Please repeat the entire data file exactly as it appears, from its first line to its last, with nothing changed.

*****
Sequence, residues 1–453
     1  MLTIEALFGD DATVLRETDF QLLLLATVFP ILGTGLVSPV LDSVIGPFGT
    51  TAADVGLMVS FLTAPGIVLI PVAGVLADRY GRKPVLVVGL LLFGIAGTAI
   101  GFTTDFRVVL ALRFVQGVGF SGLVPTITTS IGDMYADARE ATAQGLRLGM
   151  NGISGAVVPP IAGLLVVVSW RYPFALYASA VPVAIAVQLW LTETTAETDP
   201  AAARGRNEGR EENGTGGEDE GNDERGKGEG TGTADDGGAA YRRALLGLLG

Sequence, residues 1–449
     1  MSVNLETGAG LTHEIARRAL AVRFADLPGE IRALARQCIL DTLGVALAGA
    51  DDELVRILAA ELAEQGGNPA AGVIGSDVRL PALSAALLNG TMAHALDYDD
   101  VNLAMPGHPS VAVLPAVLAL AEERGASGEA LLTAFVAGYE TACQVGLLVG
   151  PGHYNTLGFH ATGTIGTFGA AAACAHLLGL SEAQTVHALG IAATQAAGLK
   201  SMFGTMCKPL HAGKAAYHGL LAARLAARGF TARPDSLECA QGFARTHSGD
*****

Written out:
Sequence, residues 1–453
     1  MLTIEALFGD DATVLRETDF QLLLLATVFP ILGTGLVSPV LDSVIGPFGT
    51  TAADVGLMVS FLTAPGIVLI PVAGVLADRY GRKPVLVVGL LLFGIAGTAI
   101  GFTTDFRVVL ALRFVQGVGF SGLVPTITTS IGDMYADARE ATAQGLRLGM
   151  NGISGAVVPP IAGLLVVVSW RYPFALYASA VPVAIAVQLW LTETTAETDP
   201  AAARGRNEGR EENGTGGEDE GNDERGKGEG TGTADDGGAA YRRALLGLLG

Sequence, residues 1–449
     1  MSVNLETGAG LTHEIARRAL AVRFADLPGE IRALARQCIL DTLGVALAGA
    51  DDELVRILAA ELAEQGGNPA AGVIGSDVRL PALSAALLNG TMAHALDYDD
   101  VNLAMPGHPS VAVLPAVLAL AEERGASGEA LLTAFVAGYE TACQVGLLVG
   151  PGHYNTLGFH ATGTIGTFGA AAACAHLLGL SEAQTVHALG IAATQAAGLK
   201  SMFGTMCKPL HAGKAAYHGL LAARLAARGF TARPDSLECA QGFARTHSGD